The footage is old, and the quality grainy, but the message is unmistakable.
A public relations video produced by the IDF Spokesperson's Unit more than 30 years ago makes the case for Israel to retain the Judea and Samaria region, from a purely military perspective, and offers a unique glimpse into a very different age, in which official Israeli government bodies were not shy of articulating the need for the Jewish state to maintain control over its Biblical heartland.
Entitled "9 Narrow Miles" - a reference to the perilously slim waistline of the Jewish state without Judea and Samaria - the video was released in 1980, in the days before the Oslo Accords, which saw Israel effectively cede parts of the region to the Palestine Liberation Organization (PLO) and its Palestinian Authority (PA). After accepting the Accords as a pillar of government policy, much of the Israeli establishment became fixated on the idea of an independent Arab state in the Biblical heartland. At the time of the recording, however, while Israel's political establishment prevaricated over what to do with the region - which, as the cradle of Jewish civilization, includes ancient Jewish sites such as Hevron, Shechem and of course the Temple Mount - the country's security experts had little doubt as to the existential strategic importance of retaining Judea and Samaria.
The film was released to explain Israel's case to the outside world - and specifically to English-speakers. Though it might seem hard to believe now, in the days before Twitter and live blogs, it really was the cutting-edge of Israel's PR efforts.
But following the decision to pursue a "Two-State Solution" which would involve ceding all or most of the region, such positions became politically-incorrect. Not only was the video, and many others like it, shelved - they were set to be destroyed, as embassies around the world were instructed to "dump" materials which did not sit with the accepted political orthodoxy.
Israel's narrow waistline
After giving a brief overview of the region's history, the gritty-yet-effective video illustrates how without Judea and Samaria, with more than two thirds of Israel's population and the vast majority of Israeli industry concentrated in a narrow strip of land between just 9 and 22 miles wide, Israel's major population centers are entirely at the mercy of enemy guns looking down from the Samarian hills. The video also illustrates how Israel's only international airport - Ben Gurion - lies totally exposed to a potential attacker positioned on those same hills, something which will come as no surprise to Israeli residents of the region.
The footage was salvaged by American activist and Arutz Sheva contributor Mark Langfan, who is himself an avid advocate for Israeli sovereignty in Judea and Samaria, in the early 1990s. Langfan's group, Americans For a Safe Israel (AFSI), have published numerous (somewhat more modern) visual aids communicating essentially the same message as the video: that Israel's security relies on retaining control over the highlands of Judea and Samaria.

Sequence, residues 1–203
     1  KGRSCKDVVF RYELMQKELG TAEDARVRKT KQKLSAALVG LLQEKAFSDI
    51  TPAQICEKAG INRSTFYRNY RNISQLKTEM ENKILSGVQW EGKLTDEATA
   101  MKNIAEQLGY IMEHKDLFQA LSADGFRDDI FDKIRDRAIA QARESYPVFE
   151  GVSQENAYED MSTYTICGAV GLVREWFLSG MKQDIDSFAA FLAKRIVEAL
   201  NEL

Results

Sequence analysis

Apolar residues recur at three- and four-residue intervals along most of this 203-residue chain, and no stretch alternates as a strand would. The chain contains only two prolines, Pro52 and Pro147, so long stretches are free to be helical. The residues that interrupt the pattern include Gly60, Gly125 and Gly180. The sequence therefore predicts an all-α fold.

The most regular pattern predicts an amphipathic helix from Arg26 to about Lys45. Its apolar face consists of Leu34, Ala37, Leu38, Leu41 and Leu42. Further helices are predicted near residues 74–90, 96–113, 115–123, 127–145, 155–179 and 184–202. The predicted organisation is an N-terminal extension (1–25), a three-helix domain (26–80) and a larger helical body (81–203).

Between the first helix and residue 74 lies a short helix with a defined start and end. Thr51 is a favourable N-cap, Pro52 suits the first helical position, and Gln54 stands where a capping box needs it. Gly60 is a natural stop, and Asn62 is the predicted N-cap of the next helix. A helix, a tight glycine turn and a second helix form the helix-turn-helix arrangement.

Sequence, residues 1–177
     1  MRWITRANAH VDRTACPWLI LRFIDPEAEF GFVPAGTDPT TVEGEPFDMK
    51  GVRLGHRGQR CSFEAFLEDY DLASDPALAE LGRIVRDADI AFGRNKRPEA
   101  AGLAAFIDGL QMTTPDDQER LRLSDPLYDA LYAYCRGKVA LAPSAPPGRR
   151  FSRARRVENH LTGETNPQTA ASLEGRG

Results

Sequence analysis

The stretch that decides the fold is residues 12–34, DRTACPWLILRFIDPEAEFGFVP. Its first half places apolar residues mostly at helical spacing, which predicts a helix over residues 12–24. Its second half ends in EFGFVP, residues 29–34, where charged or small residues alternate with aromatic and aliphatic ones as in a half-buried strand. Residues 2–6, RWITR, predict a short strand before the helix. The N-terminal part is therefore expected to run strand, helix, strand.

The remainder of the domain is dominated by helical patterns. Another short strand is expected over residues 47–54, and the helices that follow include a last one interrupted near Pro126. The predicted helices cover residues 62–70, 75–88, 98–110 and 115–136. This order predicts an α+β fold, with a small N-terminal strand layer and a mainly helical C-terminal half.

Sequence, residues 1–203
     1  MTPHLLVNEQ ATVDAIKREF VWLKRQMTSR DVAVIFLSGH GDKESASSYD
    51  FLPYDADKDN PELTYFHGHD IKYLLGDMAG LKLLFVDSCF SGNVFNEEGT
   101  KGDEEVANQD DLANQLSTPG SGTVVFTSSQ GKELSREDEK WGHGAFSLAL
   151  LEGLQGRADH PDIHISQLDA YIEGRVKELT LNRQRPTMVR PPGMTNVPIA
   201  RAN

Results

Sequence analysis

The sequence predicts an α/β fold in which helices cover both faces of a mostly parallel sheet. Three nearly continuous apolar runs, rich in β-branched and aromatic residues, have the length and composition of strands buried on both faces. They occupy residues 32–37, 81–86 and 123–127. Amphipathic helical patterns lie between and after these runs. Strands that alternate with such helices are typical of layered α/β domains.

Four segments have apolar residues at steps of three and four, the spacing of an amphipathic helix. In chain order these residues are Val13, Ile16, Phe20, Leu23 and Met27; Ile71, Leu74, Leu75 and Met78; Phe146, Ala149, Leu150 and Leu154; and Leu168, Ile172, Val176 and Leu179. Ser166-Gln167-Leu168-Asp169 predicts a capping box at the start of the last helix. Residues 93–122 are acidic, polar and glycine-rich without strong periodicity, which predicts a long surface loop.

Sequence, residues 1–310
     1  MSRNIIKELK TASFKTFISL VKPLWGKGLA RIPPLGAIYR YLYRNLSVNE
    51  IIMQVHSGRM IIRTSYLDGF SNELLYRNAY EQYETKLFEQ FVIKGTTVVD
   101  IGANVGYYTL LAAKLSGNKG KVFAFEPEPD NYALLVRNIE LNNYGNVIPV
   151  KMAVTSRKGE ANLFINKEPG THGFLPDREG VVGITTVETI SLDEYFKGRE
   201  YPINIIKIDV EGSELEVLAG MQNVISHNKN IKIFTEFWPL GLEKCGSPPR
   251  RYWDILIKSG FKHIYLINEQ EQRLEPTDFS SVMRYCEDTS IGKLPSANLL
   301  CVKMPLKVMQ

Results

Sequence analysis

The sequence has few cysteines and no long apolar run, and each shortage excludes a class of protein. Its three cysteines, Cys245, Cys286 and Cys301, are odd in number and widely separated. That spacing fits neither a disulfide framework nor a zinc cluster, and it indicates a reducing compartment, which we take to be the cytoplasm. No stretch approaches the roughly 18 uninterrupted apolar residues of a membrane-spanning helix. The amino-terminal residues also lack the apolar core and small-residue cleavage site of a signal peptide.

"It's unbelievable. They were going to throw all of this stuff away because it suddenly didn't fit their agenda any more," recalled Langfan. "A friend of mine working at the embassy called me and said 'Look, Mark, we've got all this stuff and we don't know what to do with it. They want us to throw it away but I think you might have a better use for it'."
Of course, not all of the military consideration remain the same today, and Israel's security situation vis-a-vis neighboring states is considerably less precarious given the Jewish state's overwhelming conventional military superiority - a fact which US Secretary of State has been trying to use to persuade a full withdrawal.
But perhaps the most notable strategic difference, and one which is painfully obvious from the film itself, is the importance of the Jordan Valley, which acts as a buffer to a conventional military invasion from the east.
To this very day, the received wisdom among the Israeli establishment is that in the event of a withdrawal from the rest of Judea and Samaria, keeping the Jordan Valley would at least secure Israel's borders.
But whereas at a time when Israel's greatest strategic threat came from the conventional forces of its neighbors, such a buffer zone would likely have "done the trick" - keeping central Israel out of the sites of hostile forces and their artillery - the present ability of terrorist groups to acquire mobile, medium-to-long-range rockets (for example, in Gaza) renders such a calculation obsolete. With Israeli forces gone, existing terrorist groups could easily deploy along the Samarian highland.
It's a topic which Langfan has been particularly vocal about.
"It's like guarding the door when the bad guys are already in your house," Langfan notes. "Those who still think that the Jordan Valley alone can guarantee Israel's security need to take a look at this video. They are applying old, obsolete military paradigms to the current reality for political reasons. They're playing with lives."